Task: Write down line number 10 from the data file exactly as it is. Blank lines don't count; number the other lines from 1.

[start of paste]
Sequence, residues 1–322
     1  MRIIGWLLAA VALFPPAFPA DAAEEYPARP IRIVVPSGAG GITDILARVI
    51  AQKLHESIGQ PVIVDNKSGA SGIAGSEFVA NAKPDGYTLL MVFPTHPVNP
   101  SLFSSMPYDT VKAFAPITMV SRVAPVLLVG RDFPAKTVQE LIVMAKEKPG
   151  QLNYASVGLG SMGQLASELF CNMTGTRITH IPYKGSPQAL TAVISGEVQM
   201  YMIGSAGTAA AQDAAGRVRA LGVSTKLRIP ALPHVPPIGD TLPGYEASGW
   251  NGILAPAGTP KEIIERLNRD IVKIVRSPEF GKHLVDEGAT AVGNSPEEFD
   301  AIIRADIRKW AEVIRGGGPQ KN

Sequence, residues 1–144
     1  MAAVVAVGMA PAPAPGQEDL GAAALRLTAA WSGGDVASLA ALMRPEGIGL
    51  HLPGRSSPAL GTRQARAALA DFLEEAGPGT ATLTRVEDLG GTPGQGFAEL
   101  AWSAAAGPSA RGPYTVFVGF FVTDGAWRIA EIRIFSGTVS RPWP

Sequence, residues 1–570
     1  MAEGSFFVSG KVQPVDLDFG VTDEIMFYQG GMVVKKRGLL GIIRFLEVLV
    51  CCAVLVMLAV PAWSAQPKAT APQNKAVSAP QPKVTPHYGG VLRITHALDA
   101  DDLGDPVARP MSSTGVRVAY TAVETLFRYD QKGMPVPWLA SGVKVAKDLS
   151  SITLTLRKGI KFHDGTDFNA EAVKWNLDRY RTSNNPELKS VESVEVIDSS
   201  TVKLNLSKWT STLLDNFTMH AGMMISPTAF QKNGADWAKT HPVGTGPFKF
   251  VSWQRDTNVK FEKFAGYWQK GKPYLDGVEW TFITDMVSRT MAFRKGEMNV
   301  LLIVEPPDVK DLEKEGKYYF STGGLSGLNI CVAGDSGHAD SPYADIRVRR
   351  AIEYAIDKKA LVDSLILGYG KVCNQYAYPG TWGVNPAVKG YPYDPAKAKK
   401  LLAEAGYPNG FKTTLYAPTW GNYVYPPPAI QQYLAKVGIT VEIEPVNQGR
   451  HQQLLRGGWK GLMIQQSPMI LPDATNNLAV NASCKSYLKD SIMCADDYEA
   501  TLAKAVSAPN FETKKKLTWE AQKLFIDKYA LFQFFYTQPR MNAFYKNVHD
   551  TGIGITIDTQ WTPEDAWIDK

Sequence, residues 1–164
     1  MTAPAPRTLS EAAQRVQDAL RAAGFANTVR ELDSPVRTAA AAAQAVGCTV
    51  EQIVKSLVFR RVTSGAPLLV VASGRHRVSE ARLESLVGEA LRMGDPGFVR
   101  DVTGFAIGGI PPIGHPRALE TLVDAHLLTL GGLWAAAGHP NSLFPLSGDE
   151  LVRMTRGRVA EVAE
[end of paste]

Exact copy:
     1  MAAVVAVGMA PAPAPGQEDL GAAALRLTAA WSGGDVASLA ALMRPEGIGL